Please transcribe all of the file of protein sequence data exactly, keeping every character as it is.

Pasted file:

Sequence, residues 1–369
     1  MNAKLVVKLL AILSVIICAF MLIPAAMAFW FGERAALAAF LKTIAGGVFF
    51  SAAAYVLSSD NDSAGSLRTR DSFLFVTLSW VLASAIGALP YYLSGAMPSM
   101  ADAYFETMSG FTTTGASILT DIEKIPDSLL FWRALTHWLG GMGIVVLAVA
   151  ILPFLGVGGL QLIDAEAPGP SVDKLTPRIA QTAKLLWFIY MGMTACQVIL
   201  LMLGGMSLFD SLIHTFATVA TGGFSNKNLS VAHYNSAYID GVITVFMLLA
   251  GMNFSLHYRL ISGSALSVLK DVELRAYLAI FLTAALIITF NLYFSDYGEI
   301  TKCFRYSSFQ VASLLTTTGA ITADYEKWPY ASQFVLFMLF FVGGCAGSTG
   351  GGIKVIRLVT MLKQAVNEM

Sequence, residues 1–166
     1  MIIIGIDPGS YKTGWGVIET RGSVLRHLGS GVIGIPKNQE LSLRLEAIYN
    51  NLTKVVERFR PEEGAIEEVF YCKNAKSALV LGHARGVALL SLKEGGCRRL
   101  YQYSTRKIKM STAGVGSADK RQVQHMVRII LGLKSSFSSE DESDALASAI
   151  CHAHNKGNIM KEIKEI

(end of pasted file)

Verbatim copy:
Sequence, residues 1–369
     1  MNAKLVVKLL AILSVIICAF MLIPAAMAFW FGERAALAAF LKTIAGGVFF
    51  SAAAYVLSSD NDSAGSLRTR DSFLFVTLSW VLASAIGALP YYLSGAMPSM
   101  ADAYFETMSG FTTTGASILT DIEKIPDSLL FWRALTHWLG GMGIVVLAVA
   151  ILPFLGVGGL QLIDAEAPGP SVDKLTPRIA QTAKLLWFIY MGMTACQVIL
   201  LMLGGMSLFD SLIHTFATVA TGGFSNKNLS VAHYNSAYID GVITVFMLLA
   251  GMNFSLHYRL ISGSALSVLK DVELRAYLAI FLTAALIITF NLYFSDYGEI
   301  TKCFRYSSFQ VASLLTTTGA ITADYEKWPY ASQFVLFMLF FVGGCAGSTG
   351  GGIKVIRLVT MLKQAVNEM

Sequence, residues 1–166
     1  MIIIGIDPGS YKTGWGVIET RGSVLRHLGS GVIGIPKNQE LSLRLEAIYN
    51  NLTKVVERFR PEEGAIEEVF YCKNAKSALV LGHARGVALL SLKEGGCRRL
   101  YQYSTRKIKM STAGVGSADK RQVQHMVRII LGLKSSFSSE DESDALASAI
   151  CHAHNKGNIM KEIKEI